Voila! I present to you the KG 30th Anniversary Video, which we think meets all these goals!

Sharing the video with Jeff was a treat

We surprised Jeff with the video a couple of weeks ago via Zoom, and it was so special to watch his reaction to all the fun memories shared and the wonderful accolades spoken from friends, peers, former co-workers and his family.

I wish we could have included all of those who have been a part of the KG team over the years, but you know who you are, and I am so thankful for each one of you. You are equally a part of our story!

A special thank you to those who shared a video

I’d like to thank the following for taking their time to send in their kind words for Jeff and, in the words of our good friend Dave Murphy, the entire Ketner Group dynasty.

  • Brian Kilcourse
  • Debbie House
  • Joe Skorupa
  • Caitlin New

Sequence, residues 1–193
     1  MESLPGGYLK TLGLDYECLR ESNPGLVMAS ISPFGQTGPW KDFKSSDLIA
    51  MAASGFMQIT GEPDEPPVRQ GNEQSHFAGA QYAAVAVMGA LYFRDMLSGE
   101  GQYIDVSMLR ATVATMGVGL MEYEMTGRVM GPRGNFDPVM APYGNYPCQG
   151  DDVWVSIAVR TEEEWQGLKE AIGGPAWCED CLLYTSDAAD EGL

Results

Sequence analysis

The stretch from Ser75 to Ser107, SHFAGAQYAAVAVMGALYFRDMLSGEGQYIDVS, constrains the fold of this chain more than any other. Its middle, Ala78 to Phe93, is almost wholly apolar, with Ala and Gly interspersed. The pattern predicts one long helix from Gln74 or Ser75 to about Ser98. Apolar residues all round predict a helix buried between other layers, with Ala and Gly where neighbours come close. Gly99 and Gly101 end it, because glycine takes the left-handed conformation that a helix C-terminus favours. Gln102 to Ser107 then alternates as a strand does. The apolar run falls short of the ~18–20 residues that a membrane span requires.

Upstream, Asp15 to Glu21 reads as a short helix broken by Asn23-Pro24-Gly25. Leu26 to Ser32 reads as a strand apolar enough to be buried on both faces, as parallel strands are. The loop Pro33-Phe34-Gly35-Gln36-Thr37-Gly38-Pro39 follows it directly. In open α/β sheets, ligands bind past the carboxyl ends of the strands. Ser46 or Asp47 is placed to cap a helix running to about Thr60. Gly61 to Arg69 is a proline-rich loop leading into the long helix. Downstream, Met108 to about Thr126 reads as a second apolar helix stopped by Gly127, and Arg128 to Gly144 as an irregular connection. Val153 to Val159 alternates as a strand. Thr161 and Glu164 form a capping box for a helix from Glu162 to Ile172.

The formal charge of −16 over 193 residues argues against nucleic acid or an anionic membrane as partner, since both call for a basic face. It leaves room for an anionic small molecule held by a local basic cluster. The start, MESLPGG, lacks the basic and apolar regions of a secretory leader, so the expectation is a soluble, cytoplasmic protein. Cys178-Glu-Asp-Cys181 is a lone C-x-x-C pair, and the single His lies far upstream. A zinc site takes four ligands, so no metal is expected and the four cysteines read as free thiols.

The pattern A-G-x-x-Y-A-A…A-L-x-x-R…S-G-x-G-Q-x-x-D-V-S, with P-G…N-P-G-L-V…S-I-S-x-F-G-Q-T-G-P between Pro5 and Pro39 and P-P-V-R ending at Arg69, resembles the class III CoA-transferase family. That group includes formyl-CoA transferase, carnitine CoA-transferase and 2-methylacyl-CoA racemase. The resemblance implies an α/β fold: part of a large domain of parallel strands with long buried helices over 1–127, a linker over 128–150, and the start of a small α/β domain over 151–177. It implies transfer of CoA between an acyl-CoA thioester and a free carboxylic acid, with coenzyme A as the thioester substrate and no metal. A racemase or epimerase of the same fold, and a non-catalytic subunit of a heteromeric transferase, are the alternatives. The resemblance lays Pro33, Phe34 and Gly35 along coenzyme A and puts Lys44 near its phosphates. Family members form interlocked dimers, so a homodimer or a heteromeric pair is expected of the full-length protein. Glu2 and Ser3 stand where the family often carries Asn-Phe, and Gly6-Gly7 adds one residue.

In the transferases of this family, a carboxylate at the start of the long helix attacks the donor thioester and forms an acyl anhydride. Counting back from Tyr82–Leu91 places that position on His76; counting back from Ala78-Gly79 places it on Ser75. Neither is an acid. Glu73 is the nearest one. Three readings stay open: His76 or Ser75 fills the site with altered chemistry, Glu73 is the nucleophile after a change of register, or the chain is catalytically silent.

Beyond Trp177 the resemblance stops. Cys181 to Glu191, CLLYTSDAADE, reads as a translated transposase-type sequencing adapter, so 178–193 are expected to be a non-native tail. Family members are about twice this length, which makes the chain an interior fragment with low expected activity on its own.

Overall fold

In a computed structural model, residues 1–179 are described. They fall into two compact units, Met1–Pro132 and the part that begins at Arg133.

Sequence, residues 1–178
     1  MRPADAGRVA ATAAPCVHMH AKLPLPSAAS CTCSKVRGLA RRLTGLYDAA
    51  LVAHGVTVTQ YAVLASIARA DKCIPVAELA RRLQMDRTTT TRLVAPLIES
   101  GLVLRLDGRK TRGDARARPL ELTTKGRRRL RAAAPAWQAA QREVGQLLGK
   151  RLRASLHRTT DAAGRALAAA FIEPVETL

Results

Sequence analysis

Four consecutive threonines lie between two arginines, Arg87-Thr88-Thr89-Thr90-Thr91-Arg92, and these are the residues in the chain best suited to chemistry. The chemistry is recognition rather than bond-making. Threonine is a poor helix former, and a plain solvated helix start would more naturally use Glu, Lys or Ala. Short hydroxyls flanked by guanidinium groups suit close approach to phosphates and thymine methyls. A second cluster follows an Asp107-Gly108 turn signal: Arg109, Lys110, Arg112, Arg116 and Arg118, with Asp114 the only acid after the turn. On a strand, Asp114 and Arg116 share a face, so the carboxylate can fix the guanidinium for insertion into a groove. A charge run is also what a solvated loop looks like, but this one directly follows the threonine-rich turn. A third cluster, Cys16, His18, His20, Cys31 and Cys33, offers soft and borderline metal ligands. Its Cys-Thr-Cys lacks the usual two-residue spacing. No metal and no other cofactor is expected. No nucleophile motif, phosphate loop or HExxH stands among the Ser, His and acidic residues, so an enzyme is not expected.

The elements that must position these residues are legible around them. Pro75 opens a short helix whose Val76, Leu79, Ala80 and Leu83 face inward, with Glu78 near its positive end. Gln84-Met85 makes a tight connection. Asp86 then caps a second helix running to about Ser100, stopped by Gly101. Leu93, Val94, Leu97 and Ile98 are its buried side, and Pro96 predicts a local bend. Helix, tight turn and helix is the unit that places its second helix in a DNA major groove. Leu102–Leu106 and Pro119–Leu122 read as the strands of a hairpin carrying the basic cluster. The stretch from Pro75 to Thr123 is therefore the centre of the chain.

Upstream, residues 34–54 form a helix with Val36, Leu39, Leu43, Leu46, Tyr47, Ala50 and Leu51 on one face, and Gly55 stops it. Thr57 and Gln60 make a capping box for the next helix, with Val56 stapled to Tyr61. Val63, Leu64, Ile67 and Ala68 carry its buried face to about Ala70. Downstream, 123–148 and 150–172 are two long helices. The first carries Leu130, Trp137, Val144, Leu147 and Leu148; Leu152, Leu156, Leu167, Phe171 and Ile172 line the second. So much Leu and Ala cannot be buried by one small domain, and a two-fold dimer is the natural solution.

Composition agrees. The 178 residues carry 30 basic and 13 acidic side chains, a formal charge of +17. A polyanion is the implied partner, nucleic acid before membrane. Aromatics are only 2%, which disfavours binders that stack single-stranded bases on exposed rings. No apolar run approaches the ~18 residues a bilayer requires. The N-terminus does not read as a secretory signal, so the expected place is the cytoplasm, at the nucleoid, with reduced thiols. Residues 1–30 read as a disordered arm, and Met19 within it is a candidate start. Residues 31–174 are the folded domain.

• Valerie Martin
  • Dave Murphy
  • Terry Barnes
  • Molly Ketner
  • Elizabeth Winterroth
  • Andrew Ketner

Keep the anniversary celebrations going

If you have any pictures of your time at Ketner Group, we’d love you to share! Feel free to post and tag us on LinkedIn, Facebook or Twitter!

We hope you enjoy the anniversary video, especially our motivational speech towards the end! In true Ketner Group fashion, we manage to inspire through laughter. Just the way we like it!

jeff ketner and catherine seeds 30 years

Lessons Learned and Memories Made: 30 Year Anniversary Q&A

It’s been 30 years since Jeff Ketner founded Ketner Group Communications, and it’s been an absolutely incredible – and sometimes wild – journey. To help us celebrate, Jeff and I kicked back for a stroll down memory lane. Check out the full video below or read our summary to learn more about some of the highlights of the last 30 years!